Book Title: Digital Griots: African American Rhetoric in a Multimedia Age (Studies in Writing and Rhetoric)
Publisher: Southern Illinois University Press
Author: Adam J. Banks
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- Digital Rhetoric: Theory, Method, Practice (Digital Humanities)
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- Remixing Composition: A History of Multimodal Writing Pedagogy (Studies in Writing and Rhetoric)
- Naming What We Know, Classroom Edition: Threshold Concepts of Writing Studies
- Coding Literacy: How Computer Programming Is Changing Writing (Software Studies)
- Voices of the Self: A Study of Language Competence (African American Life Series)
- Rhetoric and the Digital Humanities
- Sweet Potato Soul: 100 Easy Vegan Recipes for the Southern Flavors of Smoke, Sugar, Spice, and Soul
- Vernacular Insurrections: Race, Black Protest, and the New Century in Composition-Literacies Studies
Scholar Adam J. Banks offers a mixtape of African American digital rhetoric in his innovative study Digital Griots: African American Rhetoric in a Multimedia Age. Presenting the DJ as a quintessential example of the digital griot-high-tech storyteller-this book shows how African American storytelling traditions and their digital manifestations can help scholars and teachers shape composition studies, thoroughly linking oral, print, and digital production in ways that centralize African American discursive practices as part of a multicultural set of ideas and pedagogical commitments.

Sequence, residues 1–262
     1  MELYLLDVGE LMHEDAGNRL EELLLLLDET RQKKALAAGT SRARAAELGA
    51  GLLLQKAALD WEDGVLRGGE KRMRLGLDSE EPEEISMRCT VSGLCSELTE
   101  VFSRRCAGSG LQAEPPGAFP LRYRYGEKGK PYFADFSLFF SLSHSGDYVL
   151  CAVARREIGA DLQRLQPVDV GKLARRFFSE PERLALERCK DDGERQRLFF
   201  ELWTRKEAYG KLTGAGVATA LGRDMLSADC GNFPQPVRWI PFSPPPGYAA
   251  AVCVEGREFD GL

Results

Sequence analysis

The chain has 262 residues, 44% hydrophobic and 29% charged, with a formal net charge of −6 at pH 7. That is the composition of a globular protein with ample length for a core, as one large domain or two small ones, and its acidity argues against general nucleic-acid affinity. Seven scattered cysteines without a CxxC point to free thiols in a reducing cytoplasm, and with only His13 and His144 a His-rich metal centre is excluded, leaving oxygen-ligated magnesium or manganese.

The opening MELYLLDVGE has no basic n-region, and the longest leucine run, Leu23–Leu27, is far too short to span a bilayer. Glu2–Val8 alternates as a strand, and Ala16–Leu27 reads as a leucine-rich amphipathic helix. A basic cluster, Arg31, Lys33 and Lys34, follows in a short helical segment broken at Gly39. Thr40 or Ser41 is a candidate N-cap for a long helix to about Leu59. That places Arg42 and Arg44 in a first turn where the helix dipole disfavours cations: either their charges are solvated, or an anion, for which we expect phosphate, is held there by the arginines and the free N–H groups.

DJs are models of rhetorical excellence; canon makers; time binders who link past, present, and future in the groove and mix; and intellectuals continuously interpreting the history and current realities of their communities in real time. Banks uses the DJ's practices of the mix, remix, and mixtape as tropes for reimagining writing instruction and the study of rhetoric. He combines many of the debates and tensions that mark black rhetorical traditions and points to ways for scholars and students to embrace those tensions rather than minimize them. This commitment to both honoring traditions and embracing futuristic visions makes this text unique, as do the sites of study included in the examination: mixtape culture, black theology as an activist movement, everyday narratives, and discussions of community engagement. Banks makes explicit these connections, rarely found in African American rhetoric scholarship, to illustrate how competing ideologies, vernacular and academic writing, sacred and secular texts, and oral, print, and digital literacies all must be brought together in the study of African American rhetoric and in the teaching of culturally relevant writing.
A remarkable addition to the study of African American rhetorical theory and composition studies, Digital Griots: African American Rhetoric in a Multimedia Age will compel scholars and students alike to think about what they know of African American rhetoric in fresh and useful ways.